FIREFIGHTERS have hailed a TV advertising campaign pressuring the Napthine government to pass legislation providing compensation for occupational cancer.
The advertisement released by the Victorian Greens calls for the Napthine government to acknowledge that there is a link between firefighters and high rates of cancer.
The news comes six days after the Tasmanian Parliament passed legislation to assist firefighters with work-related cancer to access entitlements to medical expenses and compensation.
The South Australian and Western Australian governments are making similar motions.
United Firefighters Union national secretary Peter Marshall said the union was gratified that the Greens were running the advertisements.
“The Napthine government has been superficial and insincere when it comes to supporting the welfare of their firefighters,” Mr Marshall said.
“The Tasmanian Parliament has accepted all the science and arguments that the Napthine government says prevents legislation from being put in place in Victoria.
“Both houses of the Federal Parliament of Australia unanimously endorse legislation based on the irrefutable evidence that firefighters forego quantity and quality of life due to occupational cancer.”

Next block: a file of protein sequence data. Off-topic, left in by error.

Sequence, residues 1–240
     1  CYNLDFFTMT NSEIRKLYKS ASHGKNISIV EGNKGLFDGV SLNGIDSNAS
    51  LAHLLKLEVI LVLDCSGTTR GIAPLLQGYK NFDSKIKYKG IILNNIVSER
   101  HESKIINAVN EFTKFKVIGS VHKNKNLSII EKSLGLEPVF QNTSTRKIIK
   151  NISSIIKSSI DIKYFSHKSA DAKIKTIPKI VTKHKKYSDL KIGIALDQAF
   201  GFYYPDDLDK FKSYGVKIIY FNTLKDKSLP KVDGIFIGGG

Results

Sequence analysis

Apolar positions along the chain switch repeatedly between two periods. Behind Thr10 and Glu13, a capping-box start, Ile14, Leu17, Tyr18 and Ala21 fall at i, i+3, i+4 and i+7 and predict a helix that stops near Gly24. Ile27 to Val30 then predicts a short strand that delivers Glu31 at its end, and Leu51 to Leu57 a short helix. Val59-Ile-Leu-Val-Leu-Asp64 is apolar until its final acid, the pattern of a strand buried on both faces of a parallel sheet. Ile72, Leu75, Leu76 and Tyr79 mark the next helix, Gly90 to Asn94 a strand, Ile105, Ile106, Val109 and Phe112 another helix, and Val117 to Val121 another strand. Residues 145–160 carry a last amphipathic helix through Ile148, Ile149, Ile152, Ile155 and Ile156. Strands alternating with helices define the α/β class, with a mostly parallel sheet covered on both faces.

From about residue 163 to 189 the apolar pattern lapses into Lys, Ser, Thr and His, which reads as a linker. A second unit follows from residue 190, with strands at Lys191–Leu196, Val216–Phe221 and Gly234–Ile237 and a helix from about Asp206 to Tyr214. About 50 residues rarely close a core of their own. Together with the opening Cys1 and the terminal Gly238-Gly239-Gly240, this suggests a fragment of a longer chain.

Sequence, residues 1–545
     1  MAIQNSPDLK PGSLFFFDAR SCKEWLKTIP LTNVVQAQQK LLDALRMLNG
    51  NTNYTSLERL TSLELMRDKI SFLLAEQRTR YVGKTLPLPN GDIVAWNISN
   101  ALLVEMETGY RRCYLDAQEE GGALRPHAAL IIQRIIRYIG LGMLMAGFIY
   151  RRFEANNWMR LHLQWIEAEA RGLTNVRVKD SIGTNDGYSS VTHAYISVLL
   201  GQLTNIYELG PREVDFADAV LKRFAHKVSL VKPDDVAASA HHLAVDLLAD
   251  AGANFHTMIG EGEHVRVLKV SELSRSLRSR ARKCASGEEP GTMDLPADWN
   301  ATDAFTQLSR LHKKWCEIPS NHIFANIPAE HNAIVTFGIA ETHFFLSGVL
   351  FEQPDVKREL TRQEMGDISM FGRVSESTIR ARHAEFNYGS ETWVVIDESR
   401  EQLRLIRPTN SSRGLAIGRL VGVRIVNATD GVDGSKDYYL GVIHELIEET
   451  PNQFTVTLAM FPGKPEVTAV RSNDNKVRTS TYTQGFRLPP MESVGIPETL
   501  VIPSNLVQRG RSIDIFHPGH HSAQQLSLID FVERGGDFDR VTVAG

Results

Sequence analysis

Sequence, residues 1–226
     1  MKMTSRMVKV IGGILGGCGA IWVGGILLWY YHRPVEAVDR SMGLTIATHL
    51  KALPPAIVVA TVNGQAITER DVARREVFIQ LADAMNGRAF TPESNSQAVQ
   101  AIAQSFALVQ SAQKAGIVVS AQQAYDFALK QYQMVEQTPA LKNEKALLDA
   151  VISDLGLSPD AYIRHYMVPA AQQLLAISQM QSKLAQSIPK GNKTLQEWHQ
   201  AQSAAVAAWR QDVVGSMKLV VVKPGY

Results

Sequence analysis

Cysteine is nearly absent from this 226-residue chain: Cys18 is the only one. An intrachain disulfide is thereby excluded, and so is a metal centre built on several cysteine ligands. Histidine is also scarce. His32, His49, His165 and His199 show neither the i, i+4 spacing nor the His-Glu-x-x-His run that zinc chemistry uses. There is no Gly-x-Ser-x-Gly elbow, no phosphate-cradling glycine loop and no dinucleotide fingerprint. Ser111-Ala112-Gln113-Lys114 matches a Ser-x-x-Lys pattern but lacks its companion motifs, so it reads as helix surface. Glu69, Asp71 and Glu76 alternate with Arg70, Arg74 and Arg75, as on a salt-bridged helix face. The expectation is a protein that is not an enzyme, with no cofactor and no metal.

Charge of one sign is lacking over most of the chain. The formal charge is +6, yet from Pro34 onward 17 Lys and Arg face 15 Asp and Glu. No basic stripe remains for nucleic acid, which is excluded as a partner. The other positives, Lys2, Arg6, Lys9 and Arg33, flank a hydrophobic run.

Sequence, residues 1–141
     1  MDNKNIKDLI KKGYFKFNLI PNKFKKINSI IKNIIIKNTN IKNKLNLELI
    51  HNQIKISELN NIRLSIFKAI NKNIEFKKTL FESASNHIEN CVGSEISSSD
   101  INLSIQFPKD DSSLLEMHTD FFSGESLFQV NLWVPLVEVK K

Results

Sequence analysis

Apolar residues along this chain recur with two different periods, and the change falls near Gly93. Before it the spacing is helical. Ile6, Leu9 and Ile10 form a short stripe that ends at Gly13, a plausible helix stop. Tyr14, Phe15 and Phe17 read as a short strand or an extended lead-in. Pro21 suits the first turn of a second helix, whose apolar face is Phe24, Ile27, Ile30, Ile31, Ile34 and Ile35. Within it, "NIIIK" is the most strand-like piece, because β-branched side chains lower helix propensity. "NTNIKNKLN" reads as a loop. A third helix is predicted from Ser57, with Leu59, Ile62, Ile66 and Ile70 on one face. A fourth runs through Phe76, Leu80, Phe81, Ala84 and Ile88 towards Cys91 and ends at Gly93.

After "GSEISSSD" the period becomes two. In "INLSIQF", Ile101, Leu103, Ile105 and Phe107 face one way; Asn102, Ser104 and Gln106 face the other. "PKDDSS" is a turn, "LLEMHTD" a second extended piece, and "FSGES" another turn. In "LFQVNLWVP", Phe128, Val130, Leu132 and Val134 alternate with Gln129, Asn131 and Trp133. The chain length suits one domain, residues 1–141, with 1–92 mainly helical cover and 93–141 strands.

Mr Marshall said the Napthine government had rejected international studies of more than 100,000 firefighters and the findings of a 2011 Australian Senate inquiry.
“Firefighters with cancer are currently prevented in most cases from claiming insurance such as workers’ compensation, because they face the impossible task of identifying which chemicals, on which dates, at which incidents, may have caused their illness,” he said.
Victorian Greens leader Greg Barber said the Tasmanian bill was about fairness and “protecting those who protect us”.
“I expect it’s the hard nosed money men of the Liberals making decisions, it’s really just down to the cost,” Mr Barber said.
Spokesman for the Assistant Treasurer Sean Burton said the advertisement was sending an incorrect message.
“The Greens TV ad is wrong. Firefighters, like any other worker, are already entitled to compensation if they are injured at work, including contracting cancer,” Mr Burton said.